• Startup Phase: Percentage of listing that lead to interactions within a given time period, the rate of growth in active users, sales conversion rate
    • Growth Phase: Frequency of producer participation, interaction failures, searches
    • Maturity Phase: Resource allocation, Innovation & new functionalities

The future of the Platform Model

To predict the future and see other business segments the platform model will disrupt we need to first look at strategy creation. Traditionally, many firms creating strategy has followed the Porter’s Five Forces and created differentiation by owning resources and created higher barriers to entry. While this is true today, this is shifting to a move from owning and controlling resources to value creation by orchestrating an ecosystem. The platform model is about creating network effects and expanding its user base. In a platform, both developer and users are key components in creating valuable interactions. Today, cost leadership and product differentiation are no longer in focus in strategy frameworks. Now the goal is to create engagement, frictionless interaction and make it easier for developer and user to enter the platform.

The authors argue that industries that are likely to be transformed by platforms in the short are those industries that are information-intensive industries (news and media), have high regulatory control (banking, health-care and education) or are resource-intensive (agriculture).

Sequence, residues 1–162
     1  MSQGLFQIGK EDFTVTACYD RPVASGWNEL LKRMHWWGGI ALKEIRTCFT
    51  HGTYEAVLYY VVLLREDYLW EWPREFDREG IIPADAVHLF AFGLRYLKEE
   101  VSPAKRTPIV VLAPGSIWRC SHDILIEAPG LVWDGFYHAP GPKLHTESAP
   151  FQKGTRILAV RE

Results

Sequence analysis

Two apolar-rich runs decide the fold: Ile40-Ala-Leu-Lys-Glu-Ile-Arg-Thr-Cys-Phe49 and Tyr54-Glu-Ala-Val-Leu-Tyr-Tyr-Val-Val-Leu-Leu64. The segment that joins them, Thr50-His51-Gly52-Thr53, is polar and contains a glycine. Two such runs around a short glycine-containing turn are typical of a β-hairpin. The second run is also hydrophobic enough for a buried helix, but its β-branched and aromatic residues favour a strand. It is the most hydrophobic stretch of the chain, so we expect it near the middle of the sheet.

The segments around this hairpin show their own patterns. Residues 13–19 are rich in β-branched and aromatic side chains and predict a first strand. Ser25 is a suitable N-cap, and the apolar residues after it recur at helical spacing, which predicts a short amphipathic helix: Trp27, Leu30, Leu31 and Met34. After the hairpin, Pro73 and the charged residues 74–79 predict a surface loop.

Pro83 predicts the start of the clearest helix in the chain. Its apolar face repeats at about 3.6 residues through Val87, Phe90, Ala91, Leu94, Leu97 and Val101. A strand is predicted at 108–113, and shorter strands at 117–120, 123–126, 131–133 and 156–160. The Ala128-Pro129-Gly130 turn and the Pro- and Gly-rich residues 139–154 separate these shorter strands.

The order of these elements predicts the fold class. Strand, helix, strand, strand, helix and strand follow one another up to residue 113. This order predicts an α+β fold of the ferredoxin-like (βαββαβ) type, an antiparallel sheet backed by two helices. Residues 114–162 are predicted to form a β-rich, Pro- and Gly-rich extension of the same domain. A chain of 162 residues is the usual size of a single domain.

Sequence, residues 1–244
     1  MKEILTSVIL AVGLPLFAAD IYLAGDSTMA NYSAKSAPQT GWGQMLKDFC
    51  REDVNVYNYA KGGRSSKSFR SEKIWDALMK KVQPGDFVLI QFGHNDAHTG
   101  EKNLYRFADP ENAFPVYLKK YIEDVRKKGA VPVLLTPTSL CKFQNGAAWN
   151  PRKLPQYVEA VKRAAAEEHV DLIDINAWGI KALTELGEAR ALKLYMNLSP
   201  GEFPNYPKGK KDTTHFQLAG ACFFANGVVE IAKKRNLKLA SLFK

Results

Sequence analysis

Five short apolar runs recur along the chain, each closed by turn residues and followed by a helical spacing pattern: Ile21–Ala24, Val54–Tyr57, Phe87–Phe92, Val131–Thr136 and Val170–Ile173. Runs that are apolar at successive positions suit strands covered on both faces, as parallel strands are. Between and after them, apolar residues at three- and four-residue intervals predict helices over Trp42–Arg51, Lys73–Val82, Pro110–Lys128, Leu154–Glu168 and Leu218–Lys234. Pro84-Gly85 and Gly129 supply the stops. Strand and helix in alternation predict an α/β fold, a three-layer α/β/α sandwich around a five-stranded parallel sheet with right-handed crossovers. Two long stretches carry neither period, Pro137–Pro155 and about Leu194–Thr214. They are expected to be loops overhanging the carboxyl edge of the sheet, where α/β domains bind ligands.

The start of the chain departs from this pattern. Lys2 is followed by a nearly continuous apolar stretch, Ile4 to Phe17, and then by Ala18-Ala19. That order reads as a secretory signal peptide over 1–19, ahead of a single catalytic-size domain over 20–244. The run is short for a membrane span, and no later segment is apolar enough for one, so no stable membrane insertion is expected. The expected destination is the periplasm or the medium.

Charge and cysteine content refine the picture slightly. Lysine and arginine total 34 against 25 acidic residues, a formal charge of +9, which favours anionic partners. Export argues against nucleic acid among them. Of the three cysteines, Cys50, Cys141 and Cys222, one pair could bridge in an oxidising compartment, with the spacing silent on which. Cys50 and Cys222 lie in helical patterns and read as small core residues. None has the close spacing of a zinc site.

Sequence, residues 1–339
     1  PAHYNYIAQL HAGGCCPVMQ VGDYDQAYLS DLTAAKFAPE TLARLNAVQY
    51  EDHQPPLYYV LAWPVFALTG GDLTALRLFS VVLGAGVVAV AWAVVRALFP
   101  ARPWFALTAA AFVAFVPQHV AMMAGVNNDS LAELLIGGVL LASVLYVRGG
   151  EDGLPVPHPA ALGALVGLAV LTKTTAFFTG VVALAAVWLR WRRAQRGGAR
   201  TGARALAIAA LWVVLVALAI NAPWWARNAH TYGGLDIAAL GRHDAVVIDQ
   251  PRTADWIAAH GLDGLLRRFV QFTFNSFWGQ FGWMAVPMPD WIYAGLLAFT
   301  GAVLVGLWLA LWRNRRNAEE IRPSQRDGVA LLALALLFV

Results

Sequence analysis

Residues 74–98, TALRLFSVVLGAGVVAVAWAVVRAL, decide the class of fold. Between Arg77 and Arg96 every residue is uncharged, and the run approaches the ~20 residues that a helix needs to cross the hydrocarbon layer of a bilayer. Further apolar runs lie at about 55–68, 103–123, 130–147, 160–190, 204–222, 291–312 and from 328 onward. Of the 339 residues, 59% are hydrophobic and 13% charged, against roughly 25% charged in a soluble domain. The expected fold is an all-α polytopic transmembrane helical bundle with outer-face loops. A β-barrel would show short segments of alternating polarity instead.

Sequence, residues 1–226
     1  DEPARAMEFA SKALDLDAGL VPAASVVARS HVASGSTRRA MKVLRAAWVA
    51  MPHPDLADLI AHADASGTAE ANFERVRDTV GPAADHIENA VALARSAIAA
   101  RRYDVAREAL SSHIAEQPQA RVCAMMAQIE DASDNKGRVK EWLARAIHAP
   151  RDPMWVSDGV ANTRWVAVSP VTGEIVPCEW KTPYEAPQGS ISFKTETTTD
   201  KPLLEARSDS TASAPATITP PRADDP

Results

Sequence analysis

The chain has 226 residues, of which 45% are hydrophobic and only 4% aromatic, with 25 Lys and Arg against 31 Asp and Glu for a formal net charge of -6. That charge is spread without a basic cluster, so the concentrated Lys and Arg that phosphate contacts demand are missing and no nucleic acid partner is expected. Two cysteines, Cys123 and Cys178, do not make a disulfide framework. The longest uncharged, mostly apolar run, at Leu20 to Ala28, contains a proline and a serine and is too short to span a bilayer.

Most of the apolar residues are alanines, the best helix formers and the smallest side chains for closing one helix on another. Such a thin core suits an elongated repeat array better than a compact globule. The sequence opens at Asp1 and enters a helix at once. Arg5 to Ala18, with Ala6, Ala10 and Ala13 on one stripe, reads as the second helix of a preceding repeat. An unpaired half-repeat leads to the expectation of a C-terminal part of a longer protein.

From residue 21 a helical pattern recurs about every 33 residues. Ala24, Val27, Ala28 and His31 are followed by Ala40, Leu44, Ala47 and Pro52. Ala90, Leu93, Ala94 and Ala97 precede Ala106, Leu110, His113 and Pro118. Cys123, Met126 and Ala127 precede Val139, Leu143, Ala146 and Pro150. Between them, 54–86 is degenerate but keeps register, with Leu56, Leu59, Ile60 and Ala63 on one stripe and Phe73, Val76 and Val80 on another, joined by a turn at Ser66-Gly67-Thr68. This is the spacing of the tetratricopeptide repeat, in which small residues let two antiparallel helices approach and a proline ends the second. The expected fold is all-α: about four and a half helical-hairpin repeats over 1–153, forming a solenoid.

As an example, education is perhaps the best of example of the shift we are seen in the platform disruption. Education platform such as Coursera, edX and Khan Academy has disrupted traditional education intuitions. In this moment, these platforms also offer online degrees and diplomas that are recognized world-wide.

Another aspect is the Internet of Things technologies that are emerging with cheaper and more powerful sensors, the platform of the futures will create a new ecosystem that adds value for people and devices.

As a final note, it is also important the challenges for societies regarding policies, security, and privacy. Facebook is a prime example of a platform that has failed in data privacy and security. Other examples include YouTube and its video recommendation system that spread videos of violence in order to maximize clicks for increasing ad revenues. Another area of concerns is employment and its effect on societies. With the platform model, there will be a shift in economic, social and political power. It is therefore needed that businesses collaborate with researchers and regulators to design products and services that are inclusive, available, transparent, and safe.


To get more insights, the MOOC course Platform Strategy is a good source. The Platform Strategy Course